OK, you won't be reading about my first teenage forays into the adult world, as entertaining as that could be for some. Yet I DO want to share with you the story of one manner of virginity I lost on 25 February, on Castleford Bridge.
Quite recently I was asked to take some photos of a couple's pet hens as well as some of the Castleford Bridge in a wide format so that the clients could use them as wall art to decorate their living room.
I have taken thousands of photographs of animals and birds but the lovely Ethel and Edith proved a bit tricky. Hens are not exactly placid, slow-moving models as you can imagine, and they needed bribing with mealworm treats only to be in the place I needed them so I could take a decent shot - it has proven a very challenging assignment! However, I managed to take a few sharp pictures.
This would enable me to cover the bulk of the bridge and take in a different perspective than a normal landscape image would have shown. One of my ambitions was also to avoid taking any images of the bridge that have already been "done to death" if you were to google it.
The only drawback here was my limited experience with panoramic photography, both from a shooting and an editing point of view, but unless you try, you never learn. I spent the best part of two hours looking at various angles and positions and I also had to contend with the sun playing hide and seek with me through the clouds exactly when I needed it out to complete the shots - it was awkward to say the least.
In the end I managed to gather enough images for six variations of the bridge in a panorama format, with the largest using 11 images in total.
In principle, the idea is easy enough to understand, though in practice it is a skill like any other - it needs to be practised often before it can be refined. I also took some alternate angle images, not intended for panorama style, and some of these turned out quite dramatic. If my clients are happy with me to share these once they've had a chance to look at them and choose those they want to purchase, look out for them in a future blog.
Back to the PP for now - the "Panorama Pain"! When I started editing I soon discovered the problems I was facing. I had not done any research or read guides on it, so I was basically 'flying blind' and I must say, for a first attempt at a totally manual panorama it turned out quite well...well, almost.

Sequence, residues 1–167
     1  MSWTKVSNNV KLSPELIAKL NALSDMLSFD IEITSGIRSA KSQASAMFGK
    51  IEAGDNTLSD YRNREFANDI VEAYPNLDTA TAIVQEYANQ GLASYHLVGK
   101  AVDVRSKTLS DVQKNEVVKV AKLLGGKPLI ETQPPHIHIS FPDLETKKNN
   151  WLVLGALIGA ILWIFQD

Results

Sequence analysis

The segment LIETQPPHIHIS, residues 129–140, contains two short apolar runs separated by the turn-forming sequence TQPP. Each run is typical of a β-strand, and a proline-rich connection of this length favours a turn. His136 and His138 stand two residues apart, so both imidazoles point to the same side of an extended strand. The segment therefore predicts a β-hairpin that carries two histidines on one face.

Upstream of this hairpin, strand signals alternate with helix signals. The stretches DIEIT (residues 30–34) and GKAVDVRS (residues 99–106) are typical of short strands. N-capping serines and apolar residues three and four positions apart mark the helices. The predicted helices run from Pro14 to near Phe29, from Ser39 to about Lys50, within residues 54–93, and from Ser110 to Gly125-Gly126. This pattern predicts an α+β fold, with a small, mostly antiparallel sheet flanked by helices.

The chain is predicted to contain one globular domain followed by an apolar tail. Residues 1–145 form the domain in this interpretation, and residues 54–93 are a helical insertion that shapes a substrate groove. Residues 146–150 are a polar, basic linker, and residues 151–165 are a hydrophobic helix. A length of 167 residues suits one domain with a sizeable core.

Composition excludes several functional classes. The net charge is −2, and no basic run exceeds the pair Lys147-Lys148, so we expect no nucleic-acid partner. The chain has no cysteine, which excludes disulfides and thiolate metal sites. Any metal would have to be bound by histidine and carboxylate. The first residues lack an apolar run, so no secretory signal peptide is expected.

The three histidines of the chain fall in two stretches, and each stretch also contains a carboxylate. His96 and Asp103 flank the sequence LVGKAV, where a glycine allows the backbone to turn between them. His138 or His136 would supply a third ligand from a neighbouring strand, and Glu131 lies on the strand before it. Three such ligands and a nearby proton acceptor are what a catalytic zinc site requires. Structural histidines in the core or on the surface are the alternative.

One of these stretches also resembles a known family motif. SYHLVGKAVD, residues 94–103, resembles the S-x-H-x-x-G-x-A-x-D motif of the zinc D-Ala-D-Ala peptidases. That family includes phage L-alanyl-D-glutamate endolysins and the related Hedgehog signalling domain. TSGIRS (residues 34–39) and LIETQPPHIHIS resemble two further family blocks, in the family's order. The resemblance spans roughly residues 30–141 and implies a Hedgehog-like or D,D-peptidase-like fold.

It had exposure issues, alignment problems and on top of that I completely forgot to take into account that anything that moves will cause difficulties when trying to stitch the shots together later on! And what is a bridge built over? Yep - lots and lots of fast moving...WATER!!! Not to mention that the water occupies the largest part of the image too... not the best start, but the lesson has now been learned.
A grand total of 4 hours later - the time to stitch these 11 images together manually - my very first attempt to create a panorama from scratch was complete but I was a tad apprehensive about the other five. I hadn't taken into account exposure settings either so many shots alternated between light and dark.
All that wasted time....
I am quite pleased with myself as not only was this my first attempt at creating a panoramic shot by stitching a multitude of images together but it was even more difficult because the Bridge itself is an S shaped structure with many wires and angles. When not positioned carefully they are just impossible to merge together no matter what you do. Inevitably, despite my best attempts, some of the images did not turn out in the way I envisaged. Mismatching beams, wires and a couple of not-so-timely passing vans on the main bridge ruled out some of the shots and the work I put in to make them align.
But I learned valuable lessons and the successful final images increased my confidence to the point of now planning at least one panoramic image wherever I go.
As the days start to slowly grow lighter, and we crawl towards Spring, I keep watching the trees and the flowerbeds waiting for that sure tell-tale sign of the season finally changing - a boost of colour and vibrancy. For now though, the only hint of colour around is one lonely daffodil on the corner of the street near some traffic lights.... So while I await the arrival of Spring and respond to quite a few customer enquiries, I hope you enjoy these images!